The Ten Commandments of the Universe

Posted by David Eicher
on Monday, April 4, 2011

Welcome to “Dave’s universe,” the new blog by Dave Eicher, editor of Astronomy magazine, and astronomy and science popularizer. I’ll be bringing you new thoughts about astronomy, cosmology, nature, the hobby of astronomy, the sometimes disturbingly pseudoscientific culture we live in, and other miscellany. I hope you’ll enjoy it!

We’re all familiar with the Ten Commandments of biblical verse, a set of religious imperatives given by God to the people of Israel via Moses. But what if Ten Commandments existed not for religion but for nature, and specifically for the sciences of astronomy and cosmology? Here’s how I see them stacking up:

1. Conservation Theory. Energy and mass in the universe cannot be created or destroyed, but can be interconverted. Thus, creation and final destruction are not relevant to understanding nature. The marvelous equation E = mc2 represents conversion.

2. Entropy Theory. Entropy, the direction of matter going from order to disorder over time, increases spontaneously. Nature is dissipating over time. Improvements, syntheses, organization, and growth require energy at the expense of the environment.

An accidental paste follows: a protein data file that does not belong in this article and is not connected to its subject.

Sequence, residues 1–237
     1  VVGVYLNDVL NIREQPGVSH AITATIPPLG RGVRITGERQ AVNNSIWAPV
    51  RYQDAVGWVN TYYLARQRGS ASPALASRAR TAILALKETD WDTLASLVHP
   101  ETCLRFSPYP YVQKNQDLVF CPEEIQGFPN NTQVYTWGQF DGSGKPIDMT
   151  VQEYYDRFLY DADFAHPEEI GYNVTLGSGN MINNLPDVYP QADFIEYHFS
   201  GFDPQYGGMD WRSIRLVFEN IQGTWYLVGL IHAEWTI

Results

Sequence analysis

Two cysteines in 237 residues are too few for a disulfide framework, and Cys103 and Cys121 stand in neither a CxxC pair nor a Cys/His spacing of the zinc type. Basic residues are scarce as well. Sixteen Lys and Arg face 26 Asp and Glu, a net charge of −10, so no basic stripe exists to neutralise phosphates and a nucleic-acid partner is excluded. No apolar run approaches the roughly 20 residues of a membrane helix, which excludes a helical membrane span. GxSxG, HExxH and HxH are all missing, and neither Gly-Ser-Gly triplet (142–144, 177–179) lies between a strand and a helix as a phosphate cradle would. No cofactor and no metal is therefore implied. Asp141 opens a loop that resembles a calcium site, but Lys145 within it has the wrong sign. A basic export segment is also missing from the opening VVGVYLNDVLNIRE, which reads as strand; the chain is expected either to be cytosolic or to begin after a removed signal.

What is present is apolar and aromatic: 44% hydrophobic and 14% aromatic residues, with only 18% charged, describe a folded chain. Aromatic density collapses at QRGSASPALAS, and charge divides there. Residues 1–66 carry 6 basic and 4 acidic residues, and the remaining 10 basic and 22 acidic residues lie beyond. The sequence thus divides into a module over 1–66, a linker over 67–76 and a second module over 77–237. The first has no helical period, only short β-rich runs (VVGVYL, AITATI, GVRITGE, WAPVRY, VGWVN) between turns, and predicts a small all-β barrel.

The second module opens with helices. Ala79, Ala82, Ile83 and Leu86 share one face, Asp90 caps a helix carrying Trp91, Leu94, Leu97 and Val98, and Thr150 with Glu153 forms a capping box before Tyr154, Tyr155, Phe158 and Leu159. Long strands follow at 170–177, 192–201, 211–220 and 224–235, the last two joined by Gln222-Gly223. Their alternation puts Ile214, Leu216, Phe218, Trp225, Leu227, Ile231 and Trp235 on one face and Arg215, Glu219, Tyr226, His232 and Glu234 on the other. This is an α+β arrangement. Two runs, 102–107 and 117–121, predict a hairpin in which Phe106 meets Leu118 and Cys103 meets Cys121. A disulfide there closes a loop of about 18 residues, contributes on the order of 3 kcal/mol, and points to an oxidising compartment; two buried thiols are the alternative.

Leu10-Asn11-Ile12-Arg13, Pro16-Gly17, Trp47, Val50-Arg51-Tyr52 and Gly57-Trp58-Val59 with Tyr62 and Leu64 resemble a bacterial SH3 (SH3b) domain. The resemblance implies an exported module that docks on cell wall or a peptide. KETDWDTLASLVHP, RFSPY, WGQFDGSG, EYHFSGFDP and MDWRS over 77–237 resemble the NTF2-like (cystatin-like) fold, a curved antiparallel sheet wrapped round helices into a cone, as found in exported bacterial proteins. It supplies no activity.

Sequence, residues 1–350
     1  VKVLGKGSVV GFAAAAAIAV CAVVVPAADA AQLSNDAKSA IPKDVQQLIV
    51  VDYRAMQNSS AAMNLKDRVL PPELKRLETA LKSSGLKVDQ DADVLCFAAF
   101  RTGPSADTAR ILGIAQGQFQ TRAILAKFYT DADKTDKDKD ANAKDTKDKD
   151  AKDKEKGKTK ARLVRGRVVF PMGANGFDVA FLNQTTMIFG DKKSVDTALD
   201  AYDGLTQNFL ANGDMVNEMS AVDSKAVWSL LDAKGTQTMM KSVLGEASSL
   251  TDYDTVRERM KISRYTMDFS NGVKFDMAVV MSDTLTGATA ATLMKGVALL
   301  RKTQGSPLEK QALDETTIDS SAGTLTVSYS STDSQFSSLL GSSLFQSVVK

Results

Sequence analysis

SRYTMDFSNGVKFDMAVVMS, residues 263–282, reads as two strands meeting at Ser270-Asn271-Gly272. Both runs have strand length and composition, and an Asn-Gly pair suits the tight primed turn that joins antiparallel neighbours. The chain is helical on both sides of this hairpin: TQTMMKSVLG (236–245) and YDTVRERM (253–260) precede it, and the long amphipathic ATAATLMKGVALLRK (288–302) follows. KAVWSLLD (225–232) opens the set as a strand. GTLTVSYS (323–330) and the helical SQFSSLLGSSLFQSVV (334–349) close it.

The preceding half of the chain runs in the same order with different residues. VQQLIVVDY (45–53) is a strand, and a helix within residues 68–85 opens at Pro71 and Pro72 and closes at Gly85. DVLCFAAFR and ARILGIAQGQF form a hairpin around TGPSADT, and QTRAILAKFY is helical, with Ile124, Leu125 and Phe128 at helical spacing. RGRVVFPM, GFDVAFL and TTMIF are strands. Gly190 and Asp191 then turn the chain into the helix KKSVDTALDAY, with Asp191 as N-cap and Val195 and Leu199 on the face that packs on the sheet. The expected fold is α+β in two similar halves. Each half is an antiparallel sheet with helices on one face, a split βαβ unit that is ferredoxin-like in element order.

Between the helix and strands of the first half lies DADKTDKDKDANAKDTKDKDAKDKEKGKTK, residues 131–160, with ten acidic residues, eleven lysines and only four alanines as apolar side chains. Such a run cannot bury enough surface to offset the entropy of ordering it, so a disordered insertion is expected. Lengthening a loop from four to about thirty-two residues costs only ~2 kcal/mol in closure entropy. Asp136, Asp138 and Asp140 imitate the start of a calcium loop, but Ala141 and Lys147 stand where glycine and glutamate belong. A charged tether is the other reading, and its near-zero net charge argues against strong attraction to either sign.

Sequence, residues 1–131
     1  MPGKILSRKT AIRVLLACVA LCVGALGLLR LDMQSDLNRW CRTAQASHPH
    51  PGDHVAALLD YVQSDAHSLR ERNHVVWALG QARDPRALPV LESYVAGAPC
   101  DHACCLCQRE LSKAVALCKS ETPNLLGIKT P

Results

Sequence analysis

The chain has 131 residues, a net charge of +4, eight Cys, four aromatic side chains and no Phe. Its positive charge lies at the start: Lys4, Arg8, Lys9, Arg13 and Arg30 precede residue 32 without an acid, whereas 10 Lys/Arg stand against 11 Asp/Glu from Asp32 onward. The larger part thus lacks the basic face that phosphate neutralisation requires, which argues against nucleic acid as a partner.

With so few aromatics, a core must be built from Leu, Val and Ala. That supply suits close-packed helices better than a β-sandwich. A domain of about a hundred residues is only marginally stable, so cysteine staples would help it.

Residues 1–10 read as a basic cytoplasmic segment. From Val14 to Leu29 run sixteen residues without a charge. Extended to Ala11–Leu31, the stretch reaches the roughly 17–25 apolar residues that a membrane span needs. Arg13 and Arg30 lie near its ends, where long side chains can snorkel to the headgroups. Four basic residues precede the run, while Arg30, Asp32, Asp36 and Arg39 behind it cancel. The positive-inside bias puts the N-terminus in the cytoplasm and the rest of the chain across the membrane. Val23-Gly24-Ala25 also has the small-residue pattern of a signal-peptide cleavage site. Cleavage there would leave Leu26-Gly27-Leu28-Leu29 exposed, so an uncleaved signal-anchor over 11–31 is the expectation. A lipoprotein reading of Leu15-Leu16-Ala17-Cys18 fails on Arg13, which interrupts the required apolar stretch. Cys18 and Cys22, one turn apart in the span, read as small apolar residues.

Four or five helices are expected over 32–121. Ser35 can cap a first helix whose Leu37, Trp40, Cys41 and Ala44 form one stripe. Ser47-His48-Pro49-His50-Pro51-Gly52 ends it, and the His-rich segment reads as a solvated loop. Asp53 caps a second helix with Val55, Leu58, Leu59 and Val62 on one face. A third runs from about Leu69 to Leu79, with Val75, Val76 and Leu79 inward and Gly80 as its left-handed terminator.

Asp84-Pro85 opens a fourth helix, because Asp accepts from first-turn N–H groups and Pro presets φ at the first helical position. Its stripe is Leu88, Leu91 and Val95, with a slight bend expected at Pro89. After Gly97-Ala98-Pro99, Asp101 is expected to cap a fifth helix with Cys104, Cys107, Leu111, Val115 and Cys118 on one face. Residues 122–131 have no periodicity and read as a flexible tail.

3. Quantum Theory. Activity is the product of energy and time, as evidenced by h = Et.

4. Radiation Theory. Disintegration of mass is a first-order reaction. Fission applies mostly to large atoms while fusion applies mostly to small atoms.

5. Particle Theory. Particles with mass (such as electrons, protons, and neutrons) give rise to atoms (such as hydrogen, oxygen, and carbon), which give rise to molecules (such as water, quartz, and DNA), which give rise to chemical systems (such as minerals, plants, and animals), which give rise to the universe of objects (such as Earth, stars, and galaxies).

6. Evolution Theory. Combinations of the kinetic molecular theory, the chirality principle, and the laws of genetics lead to life and the development of species with both inheritance and variation, due to heredity and mutation.

7. Relativity Theory. The notion of space-time (simultaneous, consecutive, and complementary events) is defined from the perspective of the observer.

8. Psychological Theory. Respect for nature is mandated, especially for life and particularly for humans.

9. Behavior Theory. There’s satisfaction to be gained by helping others toward happiness, which is usually reciprocal in bringing happiness in return. Personal immortality is achieved only by the views of others.

10. Ethical Theory. For a worthwhile existence, we must strive to maximize freedom with responsibility and find fulfillment in peace with love.

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